(CTN News) – The Great Smoky Mountains National Park is a 522,427-acre natural playground straddles the Tennessee and North Carolina southern Appalachian Mountains. A popular national park in the United States, it boasts incredible biodiversity, rivers, deciduous forests, and endless mountains and ridgelines.
More than 800 miles of hiking trails can be found within the park boundaries, including 70 miles of the Appalachian Trail, the LeConte Lodge, front and backcountry camping, wildlife and wildflowers everywhere, history everywhere, and 2,100 miles of rivers and streams. To help you plan your Smoky Mountain excursions, we have listed some of the park’s best hikes below and some information about the park.
Must-do Hikes in Great Smoky Mountains National Park
1. Newfound Gap to Charlie’s Bunion on the Appalachian Trail
A round-trip hike of 8 miles on the infamous Appalachian Trail with some of the best views in the park at Charlie’s Bunion. You may be inspired to hike the entire AT from Georgia to Maine after experiencing this taste of the AT.
The summit of Clingmans Dome is the highest point in the park, making it a popular spot for visitors. There are no limits to the views; the sunrises are often breathtaking, and the sunsets reveal the Blue Ridge Mountains in a way that will leave you wanting to come back again and again. Walk to the top of the observation tower in a round-trip distance of one mile. Say hello to the gnomes as you explore the Clingmans Dome Nature Trail on your way back down the road.
3. The Cammerer Mountain
The hike to Mount Cammerer is one of the best hikes in the park. When you arrive at your destination, a lookout tower and an ocean of views will greet you. In 1937, the CCC built the tower, which is still open to the public for exploration and even napping before heading back down the mountain.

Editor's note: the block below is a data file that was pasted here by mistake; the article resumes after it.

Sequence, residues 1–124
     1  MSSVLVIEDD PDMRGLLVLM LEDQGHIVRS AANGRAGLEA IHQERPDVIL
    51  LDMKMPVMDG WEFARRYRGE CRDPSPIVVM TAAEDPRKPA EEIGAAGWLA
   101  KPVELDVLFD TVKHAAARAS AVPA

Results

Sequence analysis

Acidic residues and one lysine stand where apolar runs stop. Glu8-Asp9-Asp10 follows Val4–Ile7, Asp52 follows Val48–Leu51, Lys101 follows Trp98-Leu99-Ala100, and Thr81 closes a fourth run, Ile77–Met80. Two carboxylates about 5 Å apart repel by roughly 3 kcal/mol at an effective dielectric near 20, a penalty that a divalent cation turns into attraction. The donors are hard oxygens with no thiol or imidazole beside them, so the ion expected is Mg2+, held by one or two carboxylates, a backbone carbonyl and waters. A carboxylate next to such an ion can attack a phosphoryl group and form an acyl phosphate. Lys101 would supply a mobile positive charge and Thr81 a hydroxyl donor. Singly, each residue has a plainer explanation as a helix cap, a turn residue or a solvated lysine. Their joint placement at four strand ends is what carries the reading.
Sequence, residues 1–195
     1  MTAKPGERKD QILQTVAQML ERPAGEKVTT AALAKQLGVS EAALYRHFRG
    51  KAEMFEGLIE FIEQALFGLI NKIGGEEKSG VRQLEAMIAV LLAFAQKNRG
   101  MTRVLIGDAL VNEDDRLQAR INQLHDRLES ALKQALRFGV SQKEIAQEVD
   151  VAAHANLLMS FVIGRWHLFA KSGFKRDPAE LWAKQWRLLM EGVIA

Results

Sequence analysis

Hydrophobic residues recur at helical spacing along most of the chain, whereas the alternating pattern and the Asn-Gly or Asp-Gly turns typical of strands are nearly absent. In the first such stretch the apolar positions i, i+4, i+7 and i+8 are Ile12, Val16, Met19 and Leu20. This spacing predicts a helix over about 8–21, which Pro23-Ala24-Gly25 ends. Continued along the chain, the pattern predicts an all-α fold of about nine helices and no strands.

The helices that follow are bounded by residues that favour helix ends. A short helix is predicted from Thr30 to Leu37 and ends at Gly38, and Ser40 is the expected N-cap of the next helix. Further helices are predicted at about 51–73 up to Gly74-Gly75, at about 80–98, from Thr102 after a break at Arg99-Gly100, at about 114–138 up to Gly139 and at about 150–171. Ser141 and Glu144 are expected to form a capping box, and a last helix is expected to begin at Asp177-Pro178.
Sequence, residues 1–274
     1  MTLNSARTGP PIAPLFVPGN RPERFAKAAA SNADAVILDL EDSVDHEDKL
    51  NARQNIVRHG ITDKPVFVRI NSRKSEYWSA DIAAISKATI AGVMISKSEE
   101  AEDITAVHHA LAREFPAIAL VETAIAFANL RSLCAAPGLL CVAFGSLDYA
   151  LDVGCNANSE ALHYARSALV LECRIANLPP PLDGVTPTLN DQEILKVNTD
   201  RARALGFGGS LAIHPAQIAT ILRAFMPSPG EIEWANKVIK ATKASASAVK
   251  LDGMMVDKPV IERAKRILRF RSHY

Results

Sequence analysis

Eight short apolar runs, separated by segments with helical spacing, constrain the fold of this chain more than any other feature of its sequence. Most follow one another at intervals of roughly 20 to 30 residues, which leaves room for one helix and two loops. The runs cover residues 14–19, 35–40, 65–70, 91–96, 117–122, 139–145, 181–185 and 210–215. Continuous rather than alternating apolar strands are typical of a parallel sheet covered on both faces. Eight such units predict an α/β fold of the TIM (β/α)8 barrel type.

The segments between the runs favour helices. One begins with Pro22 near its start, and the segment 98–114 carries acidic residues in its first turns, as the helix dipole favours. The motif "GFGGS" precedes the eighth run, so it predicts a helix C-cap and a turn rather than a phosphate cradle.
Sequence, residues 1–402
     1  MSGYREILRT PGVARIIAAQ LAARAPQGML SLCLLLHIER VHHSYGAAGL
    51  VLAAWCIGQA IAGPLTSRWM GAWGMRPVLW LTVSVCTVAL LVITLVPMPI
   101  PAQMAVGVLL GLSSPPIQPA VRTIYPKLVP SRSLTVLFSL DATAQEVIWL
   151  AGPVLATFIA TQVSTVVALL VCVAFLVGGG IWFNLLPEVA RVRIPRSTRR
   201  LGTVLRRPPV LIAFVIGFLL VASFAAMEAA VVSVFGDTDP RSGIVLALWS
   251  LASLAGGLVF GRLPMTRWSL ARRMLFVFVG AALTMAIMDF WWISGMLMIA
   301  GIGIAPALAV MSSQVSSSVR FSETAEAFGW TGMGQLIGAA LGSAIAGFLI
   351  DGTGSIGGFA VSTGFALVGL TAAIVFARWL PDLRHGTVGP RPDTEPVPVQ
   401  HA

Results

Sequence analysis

4. Trail to Alum Cave
There are views, views, and more views. Those are the things you’ll see on the Alum Cave Trail. As well as offering tranquil cascades, the Alum Cave Bluffs offer the shortest access to Mount LeConte.
5. Loop at Cades Cove
Take a hike, a bike ride, or a run on it. It is possible to drive through Cades Cove, but you will miss out on a true Cades Cove experience. Enjoy the best wildlife viewing opportunities by taking the 11-mile loop to see historic building sites.
6. Cascades around Ramsey
The hike to the tallest waterfall in the park is an eight-mile round trip. On this hike, you’ll be hiking through the park’s largest old-growth forest, so take the time to appreciate the journey rather than just the destination.
7. Thunderhead Mountain + Rocky Top
It’s possible that “Rocky Top, You’ll Always Be Home Sweet Home to Me” is one of Tennessee’s most popular song lyrics. It won’t take long for you to sing the same song when you reach Rocky Top of the Smokies. Hiking with breathtaking views is a challenging activity.
8. Gregory Bald and Shuckstack Firetower
With 360-degree views and 78 stairs up an almost century-old fire tower, you’ll be in awe of this summit hike.
9. The Big Creek Loop from Mount Sterling
You’ll be rewarded with a panoramic view at the top of one of the toughest hikes in the park. If you’re not up for the entire 17-mile loop, there is a 2.7-mile trail that leads directly to Mount Sterling’s summit.
10. Trillium Gap and Boulevard to Mount LeConte
Get the best of both worlds on this hike. It’s a waterfall, there are views, there’s a lodge, there’s the Appalachian Trail, and there’s a waterfall. You’ll need to shuttle to complete this hike unless you’re up for a long hike.